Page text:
“Dodle Dom Date.” As a child I had a speech impediment and that was the best I could do at pronouncing my own name. I have a clear recollection of one of the older boys at church dragging me over to his friend to have me recite my name for their amusement during the coffee hour. And how badly it stung is evident in the fact that I still remember the event.
But, at the same time, it became a term of endearment in my family and when my mom or dad called me “Dodle Dom” the name conveyed all sorts of affection and fondness. The specific names by which I have been called mean a lot less to me than the meaning expressed by the one using that name.
Joel. JTT. Joel Tom. Mr. Tate. Pastor. Pastor Joel. Pastor Tate. Papa. Preacher. Vicar. Reverend. Pastry Tate (thank you, Nate Stansberry, for that particular sobriquet.) Even “Pastor Potato Chip,” for reasons that were never clear to me. And there are probably some others that I am forgetting. I have gone by a lot of names and will probably collect a few more before it’s all said and done.
As a young pastor I was pretty particular. I wanted to be addressed as “Pastor Tate” by children and in formal settings. I felt that I owed that to the dignity of my office. It was pretty stuffy of me but, in my defense, I was afraid that my natural impulse to casual informality might undermine my effort as a young shepherd to lead a flock of varying ages and backgrounds. I imagined Paul addressing me as he did Timothy and telling me not to let anyone despise me for my youth. So it was “Pastor Tate,” thank you.
But, while I am happy to call any of my colleagues by any designation they prefer, I have finally arrived at the place where I am happy to be called anything that anyone feels comfortable calling me, with a slight preference for being called simply “Joel.”
There are those whose preference for addressing me as “Pastor” or “Pastor fill in the blank” expresses a desire for connection with a tradition and even a hunger for the benefits of a formal shepherd, to have someone acting in the priestly role. And that is a legitimate desire, which is why I would never discourage anyone from using that nomenclature if it feels right on their tongue. I am, after all, a pastor and I’m in no danger of forgetting it. I have walked into hospital rooms where everyone present has only ever known me as “Joel,” but it hasn’t prevented me from approaching the bed of the dying soul as a “priest” with spiritual authority.
One of the things that would shock 18 year old me about 48 year old me is the fact that my own children call me “Joel.” It didn’t start out that way. They called me “Papa” when they were little, but they learned that in situations where there was a lot of noise competing for my attention they could cut through all that noise by calling me by my given name. It was strangely arresting.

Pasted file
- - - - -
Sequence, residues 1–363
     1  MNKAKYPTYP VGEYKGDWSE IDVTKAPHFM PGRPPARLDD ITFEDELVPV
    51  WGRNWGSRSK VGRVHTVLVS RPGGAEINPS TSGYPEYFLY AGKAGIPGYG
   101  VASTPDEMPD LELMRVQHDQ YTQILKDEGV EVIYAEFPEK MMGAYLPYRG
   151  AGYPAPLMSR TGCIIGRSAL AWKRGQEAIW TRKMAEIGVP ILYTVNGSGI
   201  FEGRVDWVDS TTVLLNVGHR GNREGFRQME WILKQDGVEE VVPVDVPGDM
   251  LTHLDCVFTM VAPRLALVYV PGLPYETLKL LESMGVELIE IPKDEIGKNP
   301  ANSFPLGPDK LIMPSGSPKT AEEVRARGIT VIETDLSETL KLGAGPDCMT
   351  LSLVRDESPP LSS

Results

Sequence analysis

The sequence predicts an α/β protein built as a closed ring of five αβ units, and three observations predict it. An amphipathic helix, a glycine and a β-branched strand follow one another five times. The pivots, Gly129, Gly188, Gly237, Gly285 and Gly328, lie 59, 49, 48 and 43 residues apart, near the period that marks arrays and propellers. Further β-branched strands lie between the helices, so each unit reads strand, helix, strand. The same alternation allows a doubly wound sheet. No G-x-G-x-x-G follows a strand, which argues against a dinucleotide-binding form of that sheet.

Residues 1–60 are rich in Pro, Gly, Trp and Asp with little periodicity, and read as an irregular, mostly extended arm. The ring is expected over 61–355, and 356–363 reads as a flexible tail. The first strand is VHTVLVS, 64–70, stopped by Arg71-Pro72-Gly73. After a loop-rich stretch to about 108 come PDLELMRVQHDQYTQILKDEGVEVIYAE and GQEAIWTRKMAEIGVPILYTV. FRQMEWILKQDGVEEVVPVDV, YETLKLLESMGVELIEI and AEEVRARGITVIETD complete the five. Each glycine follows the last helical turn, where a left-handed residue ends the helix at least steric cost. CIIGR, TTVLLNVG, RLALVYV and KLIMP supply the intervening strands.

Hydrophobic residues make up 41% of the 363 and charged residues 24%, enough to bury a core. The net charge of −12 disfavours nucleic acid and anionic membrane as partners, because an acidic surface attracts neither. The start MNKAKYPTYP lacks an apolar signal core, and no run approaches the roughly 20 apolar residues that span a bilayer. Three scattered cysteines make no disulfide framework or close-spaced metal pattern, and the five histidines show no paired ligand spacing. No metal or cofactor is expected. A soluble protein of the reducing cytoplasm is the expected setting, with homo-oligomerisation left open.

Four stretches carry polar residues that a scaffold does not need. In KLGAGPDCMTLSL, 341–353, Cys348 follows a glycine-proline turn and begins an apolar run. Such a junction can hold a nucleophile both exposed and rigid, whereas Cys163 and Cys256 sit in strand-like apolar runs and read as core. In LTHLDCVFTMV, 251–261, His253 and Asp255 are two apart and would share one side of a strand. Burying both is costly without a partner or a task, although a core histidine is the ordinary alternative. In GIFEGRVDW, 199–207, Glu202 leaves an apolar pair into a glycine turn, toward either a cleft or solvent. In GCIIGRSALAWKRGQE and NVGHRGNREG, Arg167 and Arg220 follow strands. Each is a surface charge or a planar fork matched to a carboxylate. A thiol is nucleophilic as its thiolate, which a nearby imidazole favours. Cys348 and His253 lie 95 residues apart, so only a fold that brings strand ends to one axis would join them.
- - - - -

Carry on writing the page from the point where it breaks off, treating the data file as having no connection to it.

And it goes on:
And then, when foster kids came into our home, children who called me by my given name, my own children would refer to me as “Joel” in talking to their foster siblings. And by degrees a switch took place. And I never resisted it. When my children called me by my name it wasn’t insolence, or disrespect, and it didn’t signal a change of relationship. I was still indisputably their father. They just call me by my name. That’s all.
And it’s a strange reality now that the people in my life who are most likely to call me “Papa” are not my children (by blood, anyway.)
I understand that some of us have a little bit of insecurity about how to address me. Some of us first knew me when they were children and it feels very strange and presumptuous to call me anything other than “Pastor Tate.” Some of us bring expectations from more formal religious traditions and it feels vaguely sinful to address me in familiar terms. And for some of us I am pastor in one context, friend in another, and in other contexts something along the lines of a father figure; no one designation seems to fit all of the different roles. It can be confusing.
So here’s the good news: you can not get my name wrong, and you can not get it right.
You can’t get my name wrong because I have a good idea of who I am and of who I am to you and in the Lord, regardless of what name you use to address me. Shucks, you can introduce me to people as “Dodle Dom” if you want to.
But you can’t get my name right because I don’t even know what my real name is. My parents gave me the name “Joel” when I was an infant and I’m glad they did, but it’s not the name by which I will be called a thousand years from now in glory (Revelation 2:17.) My name is a good, solid name, but it’s kind of like the sealed envelope that is only valuable because of the letter it contains and which can be discarded after the letter’s been opened.
And, praise the Lord, that’s as true of the people in my church as it is of me. We are all sojourners on our way to a better, more enduring identity in Jesus. And, while we are on the journey together, you are welcome to call me by whatever name you prefer.
Furnace Brook Wesleyan Church Blog